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Japan’s Shinzo Abe promised to run a “no-side” leadership uniting the LDP’s rival groups

  • Abe has called for revision of Japan’s pacifistic constitution, for a more assertive policy on an island dispute
  • Recent territorial disputes are seen as strengthening the hand of Japanese nationalists
  • Abe won a second round of voting among LDP Diet members, taking 108 of the 197 votes cast on Wednesday

(Financial Times) — Japan’s main opposition party has elected nationalist-minded former prime minister Shinzo Abe as its new leader ahead of a looming general election, signalling a shift to the right that could heighten tensions with China and South Korea.

The Liberal Democratic party is seen as being on course to become the largest party in the Diet’s lower house at an election that must be held by next summer, making Abe, 58, the leading contender to be Japan’s next prime minister.

Abe has called for revision of Japan’s pacifistic constitution, for a more assertive policy on an island dispute with China and for a rethink on a past government apology to foreign women forced to work as prostitutes by the Japanese military in the 1930s and 40s.

The victory marks a stunning revival in the political fortunes for a politician whose 2006-2007 stint as prime minister was tumultuous and came to a halt when he suddenly quit just after naming a new cabinet and opening parliament.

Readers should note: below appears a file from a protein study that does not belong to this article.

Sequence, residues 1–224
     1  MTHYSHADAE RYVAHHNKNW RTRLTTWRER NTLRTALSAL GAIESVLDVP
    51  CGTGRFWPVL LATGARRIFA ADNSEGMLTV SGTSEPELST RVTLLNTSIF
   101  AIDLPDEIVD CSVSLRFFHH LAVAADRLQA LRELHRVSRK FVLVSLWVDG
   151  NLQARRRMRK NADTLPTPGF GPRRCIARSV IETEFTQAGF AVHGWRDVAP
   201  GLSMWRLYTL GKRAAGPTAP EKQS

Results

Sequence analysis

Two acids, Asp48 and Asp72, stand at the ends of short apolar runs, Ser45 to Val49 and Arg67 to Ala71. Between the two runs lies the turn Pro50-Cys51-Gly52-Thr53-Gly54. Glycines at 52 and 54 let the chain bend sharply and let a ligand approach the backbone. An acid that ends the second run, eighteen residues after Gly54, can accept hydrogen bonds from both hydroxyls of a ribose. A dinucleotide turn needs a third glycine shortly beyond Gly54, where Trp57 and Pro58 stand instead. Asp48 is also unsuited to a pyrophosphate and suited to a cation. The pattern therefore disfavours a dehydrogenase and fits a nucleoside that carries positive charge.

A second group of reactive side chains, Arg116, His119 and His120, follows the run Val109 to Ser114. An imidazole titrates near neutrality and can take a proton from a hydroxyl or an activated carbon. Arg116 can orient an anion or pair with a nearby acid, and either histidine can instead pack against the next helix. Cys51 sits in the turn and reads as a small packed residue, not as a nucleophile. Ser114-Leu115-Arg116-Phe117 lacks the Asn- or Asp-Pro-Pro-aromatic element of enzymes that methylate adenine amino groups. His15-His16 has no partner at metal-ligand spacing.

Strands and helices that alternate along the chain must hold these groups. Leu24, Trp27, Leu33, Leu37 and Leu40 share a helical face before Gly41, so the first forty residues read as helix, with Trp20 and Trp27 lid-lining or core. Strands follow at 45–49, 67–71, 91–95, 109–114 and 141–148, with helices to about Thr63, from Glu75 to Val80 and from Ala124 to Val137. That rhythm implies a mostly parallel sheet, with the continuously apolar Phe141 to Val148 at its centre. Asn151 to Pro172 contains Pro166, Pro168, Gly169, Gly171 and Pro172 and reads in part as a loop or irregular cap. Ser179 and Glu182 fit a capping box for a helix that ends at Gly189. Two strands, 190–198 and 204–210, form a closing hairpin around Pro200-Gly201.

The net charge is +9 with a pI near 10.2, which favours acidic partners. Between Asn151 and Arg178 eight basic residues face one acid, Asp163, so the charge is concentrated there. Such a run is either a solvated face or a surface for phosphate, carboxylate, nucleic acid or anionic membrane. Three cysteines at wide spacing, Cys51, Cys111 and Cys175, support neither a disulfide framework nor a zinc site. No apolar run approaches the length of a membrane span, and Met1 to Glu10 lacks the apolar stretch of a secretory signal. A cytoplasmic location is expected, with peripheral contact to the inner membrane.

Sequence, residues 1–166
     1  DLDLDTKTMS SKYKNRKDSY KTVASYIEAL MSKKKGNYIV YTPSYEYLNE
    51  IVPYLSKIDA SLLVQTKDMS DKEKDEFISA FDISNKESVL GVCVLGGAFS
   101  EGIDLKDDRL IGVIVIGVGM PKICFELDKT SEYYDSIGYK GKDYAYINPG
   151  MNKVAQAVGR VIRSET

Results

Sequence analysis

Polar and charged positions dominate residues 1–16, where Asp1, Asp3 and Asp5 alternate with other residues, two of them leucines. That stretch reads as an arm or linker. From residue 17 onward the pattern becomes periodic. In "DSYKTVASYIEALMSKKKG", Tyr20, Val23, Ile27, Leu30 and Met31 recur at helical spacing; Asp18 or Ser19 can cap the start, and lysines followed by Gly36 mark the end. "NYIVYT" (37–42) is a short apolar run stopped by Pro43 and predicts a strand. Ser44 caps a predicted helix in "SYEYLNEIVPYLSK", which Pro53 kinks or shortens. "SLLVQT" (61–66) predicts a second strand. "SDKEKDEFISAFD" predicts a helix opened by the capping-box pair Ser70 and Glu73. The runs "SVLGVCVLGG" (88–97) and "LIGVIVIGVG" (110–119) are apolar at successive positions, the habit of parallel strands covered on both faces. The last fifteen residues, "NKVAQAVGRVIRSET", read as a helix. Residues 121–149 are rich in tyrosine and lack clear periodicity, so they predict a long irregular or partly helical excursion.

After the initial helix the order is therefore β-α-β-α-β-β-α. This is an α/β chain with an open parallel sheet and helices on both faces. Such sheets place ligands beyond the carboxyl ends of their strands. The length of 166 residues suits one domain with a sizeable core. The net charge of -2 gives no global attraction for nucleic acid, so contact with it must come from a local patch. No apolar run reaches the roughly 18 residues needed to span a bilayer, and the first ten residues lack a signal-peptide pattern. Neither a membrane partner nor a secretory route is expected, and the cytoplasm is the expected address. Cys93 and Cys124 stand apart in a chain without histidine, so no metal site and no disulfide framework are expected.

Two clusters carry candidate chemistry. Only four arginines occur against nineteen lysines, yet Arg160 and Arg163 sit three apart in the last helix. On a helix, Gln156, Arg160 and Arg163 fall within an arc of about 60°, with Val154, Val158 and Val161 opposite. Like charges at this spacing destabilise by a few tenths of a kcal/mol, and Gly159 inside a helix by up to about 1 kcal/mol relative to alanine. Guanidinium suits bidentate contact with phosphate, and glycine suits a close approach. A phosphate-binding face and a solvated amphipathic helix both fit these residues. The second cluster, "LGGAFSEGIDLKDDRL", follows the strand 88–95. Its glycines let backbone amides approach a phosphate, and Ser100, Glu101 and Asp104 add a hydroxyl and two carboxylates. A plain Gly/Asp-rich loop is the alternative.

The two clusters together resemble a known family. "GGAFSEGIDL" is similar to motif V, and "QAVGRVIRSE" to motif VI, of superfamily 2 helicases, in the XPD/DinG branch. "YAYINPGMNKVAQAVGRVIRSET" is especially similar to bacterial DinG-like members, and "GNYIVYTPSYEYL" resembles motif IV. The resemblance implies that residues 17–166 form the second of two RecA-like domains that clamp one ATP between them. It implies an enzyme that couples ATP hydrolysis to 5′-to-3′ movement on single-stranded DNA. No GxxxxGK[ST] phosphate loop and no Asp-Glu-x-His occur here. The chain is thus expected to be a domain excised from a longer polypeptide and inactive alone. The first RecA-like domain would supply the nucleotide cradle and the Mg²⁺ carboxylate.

While Abe presided over a marked improvement in ties with China during his time in power, his nationalist views are likely to raise hackles in Beijing and Seoul.

Ties between Japan and its neighbours have already been strained by disputes over the ownership of island territories and over the legacy of past Japanese invasion and occupation.

In brief comments after his victory, Abe promised to run a “no-side” leadership uniting the LDP’s rival groups.

“We will recover Japan and make a strong Japan,” he said.

Abe won a second round of voting among LDP Diet members, taking 108 of the 197 votes cast on Wednesday. He defeated former defence minister Shigeru Ishiba, even though Ishiba is far more popular among the party’s grassroots. In an earlier round of voting, Ishiba had won an impressive 199 of the 300 votes cast by local LDP branches.

The leadership election came amid what is expected to be a more general shift to the right in Japanese politics. The centre-left ruling Democratic party has struggled in office since ousting the long-ruling LDP in 2009 and is now deeply unpopular.

Most analysts expect Diet gridlock to force Yoshihiko Noda, the DPJ leader and prime minister, to call an election early next year that will mark the end of his administration.

Recent territorial disputes are seen as strengthening the hand of Japanese nationalists by fuelling popular concerns about the possible threat posed by an increasingly powerful China.

While the LDP is also broadly unpopular it is seen as likely to become the biggest party in the Diet, and the election is also expected to boost Toru Hashimoto, a regional politician and vocal nationalist.

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